The impact of changes in land-use in Orkney, on the vole Microtus arvalis orcadensis and its avian predators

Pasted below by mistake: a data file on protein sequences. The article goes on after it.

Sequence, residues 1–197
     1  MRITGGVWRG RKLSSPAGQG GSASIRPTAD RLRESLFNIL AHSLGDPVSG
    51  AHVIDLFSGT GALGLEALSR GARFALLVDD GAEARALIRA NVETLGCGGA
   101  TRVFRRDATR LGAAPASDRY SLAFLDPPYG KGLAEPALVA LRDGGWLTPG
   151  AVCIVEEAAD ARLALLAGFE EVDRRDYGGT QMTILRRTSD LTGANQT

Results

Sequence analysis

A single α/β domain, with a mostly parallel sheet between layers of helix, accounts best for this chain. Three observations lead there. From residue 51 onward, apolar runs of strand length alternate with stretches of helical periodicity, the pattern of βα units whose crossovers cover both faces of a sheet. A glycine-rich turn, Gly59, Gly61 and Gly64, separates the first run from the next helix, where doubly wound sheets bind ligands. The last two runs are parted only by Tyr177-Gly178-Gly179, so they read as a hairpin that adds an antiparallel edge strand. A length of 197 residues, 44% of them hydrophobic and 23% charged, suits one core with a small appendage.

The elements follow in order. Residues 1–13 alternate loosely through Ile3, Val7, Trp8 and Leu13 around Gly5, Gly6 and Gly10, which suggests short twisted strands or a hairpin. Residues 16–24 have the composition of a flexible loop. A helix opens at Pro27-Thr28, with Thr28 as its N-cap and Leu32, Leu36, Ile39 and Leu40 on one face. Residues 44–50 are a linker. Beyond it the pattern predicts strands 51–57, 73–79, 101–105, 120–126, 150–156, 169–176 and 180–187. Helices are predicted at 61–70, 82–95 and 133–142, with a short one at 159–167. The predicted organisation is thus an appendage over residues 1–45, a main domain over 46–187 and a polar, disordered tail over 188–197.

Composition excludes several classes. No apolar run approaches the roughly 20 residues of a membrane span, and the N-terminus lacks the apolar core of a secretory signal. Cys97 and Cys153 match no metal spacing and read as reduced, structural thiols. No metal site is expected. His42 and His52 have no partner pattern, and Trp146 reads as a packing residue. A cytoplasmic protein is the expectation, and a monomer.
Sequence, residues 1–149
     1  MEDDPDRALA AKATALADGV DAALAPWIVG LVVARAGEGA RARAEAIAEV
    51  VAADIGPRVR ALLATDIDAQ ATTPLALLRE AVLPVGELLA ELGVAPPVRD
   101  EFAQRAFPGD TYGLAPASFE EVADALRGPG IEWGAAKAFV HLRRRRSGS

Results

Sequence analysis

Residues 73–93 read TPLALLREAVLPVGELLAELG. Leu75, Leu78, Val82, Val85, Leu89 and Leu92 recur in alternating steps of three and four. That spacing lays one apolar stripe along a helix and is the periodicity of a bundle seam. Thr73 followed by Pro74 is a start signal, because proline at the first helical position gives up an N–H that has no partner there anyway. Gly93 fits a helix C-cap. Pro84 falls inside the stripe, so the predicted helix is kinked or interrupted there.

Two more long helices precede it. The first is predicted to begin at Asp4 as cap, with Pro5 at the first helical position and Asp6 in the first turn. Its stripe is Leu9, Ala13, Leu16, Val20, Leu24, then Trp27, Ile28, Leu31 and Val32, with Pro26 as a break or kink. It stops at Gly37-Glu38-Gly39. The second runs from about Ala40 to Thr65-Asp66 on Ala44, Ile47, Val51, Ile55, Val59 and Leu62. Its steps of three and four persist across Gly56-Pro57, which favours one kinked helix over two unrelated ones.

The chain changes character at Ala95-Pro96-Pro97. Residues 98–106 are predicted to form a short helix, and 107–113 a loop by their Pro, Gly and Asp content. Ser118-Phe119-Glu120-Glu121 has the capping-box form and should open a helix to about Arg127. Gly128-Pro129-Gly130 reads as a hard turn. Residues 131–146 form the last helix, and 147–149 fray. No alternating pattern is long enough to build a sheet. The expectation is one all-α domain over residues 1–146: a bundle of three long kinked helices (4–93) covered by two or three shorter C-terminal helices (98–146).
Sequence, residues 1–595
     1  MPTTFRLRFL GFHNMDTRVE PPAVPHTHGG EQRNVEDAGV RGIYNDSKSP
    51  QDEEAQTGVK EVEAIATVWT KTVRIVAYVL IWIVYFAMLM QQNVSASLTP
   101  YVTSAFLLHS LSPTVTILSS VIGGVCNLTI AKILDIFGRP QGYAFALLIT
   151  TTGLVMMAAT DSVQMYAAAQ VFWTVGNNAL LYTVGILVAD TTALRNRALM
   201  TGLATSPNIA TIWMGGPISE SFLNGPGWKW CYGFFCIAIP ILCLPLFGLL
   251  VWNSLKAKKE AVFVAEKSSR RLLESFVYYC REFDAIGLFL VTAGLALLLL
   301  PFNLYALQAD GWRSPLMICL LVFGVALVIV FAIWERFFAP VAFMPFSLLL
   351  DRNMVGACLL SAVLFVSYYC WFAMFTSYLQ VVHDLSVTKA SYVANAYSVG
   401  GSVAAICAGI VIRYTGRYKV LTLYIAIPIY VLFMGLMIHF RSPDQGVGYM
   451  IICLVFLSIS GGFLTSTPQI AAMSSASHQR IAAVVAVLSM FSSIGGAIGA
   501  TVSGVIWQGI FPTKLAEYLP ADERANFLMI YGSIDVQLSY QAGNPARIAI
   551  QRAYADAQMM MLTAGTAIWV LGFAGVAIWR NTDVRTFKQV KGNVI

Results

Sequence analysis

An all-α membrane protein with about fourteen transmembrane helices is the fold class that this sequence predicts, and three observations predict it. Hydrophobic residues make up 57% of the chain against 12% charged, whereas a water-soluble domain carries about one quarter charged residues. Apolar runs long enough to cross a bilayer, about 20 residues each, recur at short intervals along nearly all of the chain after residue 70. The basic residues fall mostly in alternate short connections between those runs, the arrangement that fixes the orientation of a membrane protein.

The microtine rodent Microtus arvalis orcadensis is endemic to 5 of the Orkney Islands. Aspects of the ecology of this animal were studied on Mainland Orkney during the period June 1988-December 1990. Subject areas included habitat-related variations in population density, social organisation and short-term and seasonal variations in activity. The importance of the Orkney Vole in the diets of Hen Harriers, Short-eared Owls and Kestrels was quantified and assessed, both in the context of optimal foraging theory and in relation to the contribution made by female avian predators to nest provisioning. The selection of hunting habitat by avian predators, in relation to spatial variations in vole population density and temporal variations in vole activity was also considered, particularly with respect to Short-eared Owls. Using land-cover data derived from air-photo interpretation, estimates of the total population of Orkney Voles were made and the implications of changing land-use for the conservation of both Vole and avian predator populations considered. Specific types of land management are proposed to ensure that populations of both the Orkney Vole and the avian predators which depend to a varying degree upon them, are effectively conserved.